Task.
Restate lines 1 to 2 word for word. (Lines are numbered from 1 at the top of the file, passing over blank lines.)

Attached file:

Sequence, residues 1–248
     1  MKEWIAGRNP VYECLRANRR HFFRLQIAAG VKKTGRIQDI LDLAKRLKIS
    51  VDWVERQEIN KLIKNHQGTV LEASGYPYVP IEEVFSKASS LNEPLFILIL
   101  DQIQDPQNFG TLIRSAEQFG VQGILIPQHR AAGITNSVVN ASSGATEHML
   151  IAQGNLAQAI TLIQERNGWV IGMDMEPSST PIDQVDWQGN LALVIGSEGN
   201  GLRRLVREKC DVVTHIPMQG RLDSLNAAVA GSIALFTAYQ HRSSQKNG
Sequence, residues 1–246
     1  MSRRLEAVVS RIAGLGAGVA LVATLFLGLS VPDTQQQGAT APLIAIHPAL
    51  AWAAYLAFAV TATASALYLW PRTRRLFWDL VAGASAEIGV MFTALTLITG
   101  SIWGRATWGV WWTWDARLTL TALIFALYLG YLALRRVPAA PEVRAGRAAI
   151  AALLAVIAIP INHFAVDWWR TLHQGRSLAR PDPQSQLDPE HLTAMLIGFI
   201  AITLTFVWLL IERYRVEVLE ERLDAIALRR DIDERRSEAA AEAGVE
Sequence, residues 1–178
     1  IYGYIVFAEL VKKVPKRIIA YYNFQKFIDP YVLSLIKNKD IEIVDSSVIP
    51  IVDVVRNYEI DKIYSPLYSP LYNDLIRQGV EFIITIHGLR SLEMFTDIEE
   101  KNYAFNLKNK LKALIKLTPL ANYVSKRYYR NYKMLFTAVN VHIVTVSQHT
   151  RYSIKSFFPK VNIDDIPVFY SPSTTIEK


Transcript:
Sequence, residues 1–248
     1  MKEWIAGRNP VYECLRANRR HFFRLQIAAG VKKTGRIQDI LDLAKRLKIS